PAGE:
The RSPB's burning problem
[Gamekeepers supporting the effort to put out wildfires on moorland where controlled burning has not occured, like the RSPB's Saddleworth]
While the country is in lockdown, matters of government must, of course, continue on their way. The high profile topics are ones we hear about constantly: Brexit, trade deals, infrastructure and HS2, levelling up the north… and, increasingly, environmental issues.
With parliament, lobbyists and pressure groups unable to work as normal due to the pandemic, however, campaigners are increasingly clutching at straws in a bid to convince policy makers to embrace their points of view.
One issue that fits perfectly into this category is that of controlled heather burning – or as anti-shooting campaigners and the likes of the RSPB wrongly prefer to call it, “peat burning”.
Tomorrow sees a Westminster Hall debate on moorland burning, which has led to a flurry of briefings, press releases and online petitions, the majority of which are pushing completely incorrect information towards MPs and their advisors.
The RSPB – the alleged Royal Society for the Protection of Birds – are the one organisation who have really nailed their colours to the mast. As well as encouraging MPs to sign up to their campaign against “peat burning”; to attend the debate and “speak against peat burning!”, they have today launched a new burning reporting system. “If you are a walker, hiker or countryside lover, you can now report any upland burning you have seen taking place, to help us call for a ban on burning,” they write, adding that their new system will “empower communities”.
The RSPB Facebook campaign urging people to report moorland heather burns
The problem is that all of this – including their Facebook advertising campaign with the tagline “bogs need water, not fire”, is based on a web of lies and false information. The RSPB talk of heather burning destroying “fragile peat bog” and state that “three quarters [of the UK’s 2.7 million hectares of peatland] are degraded”.
But they conveniently ignore the fact that the people who are working to rewet these peatlands are moorland owners and keepers. In the 1960s and 70s, the government offered grants, encouraging landowners and farmers to drain the uplands in an attempt to increase agricultural productivity.
Now, moor managers and owners are working to reverse this and rewet the moors, restoring damaged peat bog, blocking up drains (over 4,000km have now been blocked) and revegetating peatland. In the North of England, over 44,000 acres of moorland managed for grouse have been revegetated and restored. A Climate Change Award was awarded at a 2015 Environmental Awards, for work undertaken in the North Pennines to re-block drains.
But while the RSPB fail to mention the hard work that is being done by moorland managers to restore peatland – needless to say, without the help of the RSPB – they also fail to mention that cool burns have a purpose. Wildfires are a regular occurrence across the uplands in the spring and summer, and while wetter is of course better when it comes to stopping fires from starting, cool burns have a vital role to play in wildfire management.
As well as creating fire breaks which stop wildfires in their tracks, cool burns also remove the dry, dead surface vegetation which provides the fuel for wildfires to spread.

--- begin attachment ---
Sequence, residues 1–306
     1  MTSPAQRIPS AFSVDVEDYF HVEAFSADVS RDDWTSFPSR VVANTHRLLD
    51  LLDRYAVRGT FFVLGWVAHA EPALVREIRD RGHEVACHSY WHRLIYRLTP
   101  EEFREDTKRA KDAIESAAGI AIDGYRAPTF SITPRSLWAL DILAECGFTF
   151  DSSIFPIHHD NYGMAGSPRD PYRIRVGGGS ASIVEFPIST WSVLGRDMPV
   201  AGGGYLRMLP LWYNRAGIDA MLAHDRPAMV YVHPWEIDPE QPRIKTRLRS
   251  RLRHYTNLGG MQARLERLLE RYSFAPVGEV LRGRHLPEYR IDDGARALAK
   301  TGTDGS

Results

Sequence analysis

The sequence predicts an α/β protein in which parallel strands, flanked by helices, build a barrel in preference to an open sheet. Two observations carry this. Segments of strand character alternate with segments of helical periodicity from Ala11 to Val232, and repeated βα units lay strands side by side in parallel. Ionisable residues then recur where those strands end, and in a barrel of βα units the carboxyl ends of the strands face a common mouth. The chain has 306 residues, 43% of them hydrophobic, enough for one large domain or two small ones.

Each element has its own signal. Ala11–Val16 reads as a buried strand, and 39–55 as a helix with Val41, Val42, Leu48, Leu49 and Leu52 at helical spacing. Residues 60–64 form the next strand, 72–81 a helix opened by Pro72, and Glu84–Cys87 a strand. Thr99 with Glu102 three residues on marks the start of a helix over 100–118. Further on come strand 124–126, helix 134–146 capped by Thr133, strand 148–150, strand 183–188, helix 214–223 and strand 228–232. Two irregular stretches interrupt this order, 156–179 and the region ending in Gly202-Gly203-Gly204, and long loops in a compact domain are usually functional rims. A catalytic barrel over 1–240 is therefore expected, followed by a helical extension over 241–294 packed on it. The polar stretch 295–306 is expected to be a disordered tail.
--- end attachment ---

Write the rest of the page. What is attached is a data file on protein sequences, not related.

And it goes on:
The RSPB have been urging MPs to sign up to their campaign of false statements
In their blog on the topic, the RSPB’s Senior Policy Officer, Dr Pat Thompson, mentioned Dovestone in the Peak District – where he says “we are restoring blanket bogs by rewetting the moors and re-introducing peat-forming sphagnum mosses… We also know that keeping these places wet makes them more resilient to the impact of wildfires, as well as slowing the flow of water off the moors which reduces the risk of flooding.”
It is vital that places like Dovestone can cope with wildfires – particularly when Dovestone itself has suffered from serious wildfires, as recently as this summer, and is surrounded by the biggest concentration of wildfires for years.
Wetting Dovestone will help the surface and peat survive fires – but an even better solution would be to stop the fire spreading in the first place by introducing fire breaks and removing fuel. There is a reason why the most terrible wildfires experienced in the UK in recent years, such as Saddleworth, have taken place on RSPB managed land where controlled burning is not practiced.
Dovestone has seen numerous wildfires, as recently as summer 2020
But the RPSB seem to have abandoned all traces of common sense. Rather than seeing sense, they have decided to throw everything they can at their anti-shooting campaign – even stopping as low as to align themselves with the masked “Moorland Monitors”, who have been trying to politicise heather burning for years.
With the convicted criminal Luke Steele at their helm, they care little about the fact that a ban on controlled burning would make the uplands a tinderbox prime for wildfires, or that scientific research shows that blanket bog is capable of increased levels of carbon storage when rotational burning is part of its management.
Instead, they choose to risk the safety of the moorlands, the birds, the wildlife, the people – and the peat which they claim to be desperate to protect. Madness? That would be an understatement.
The RSPB's Jeff Knott, Mark Avery, and Luke Steele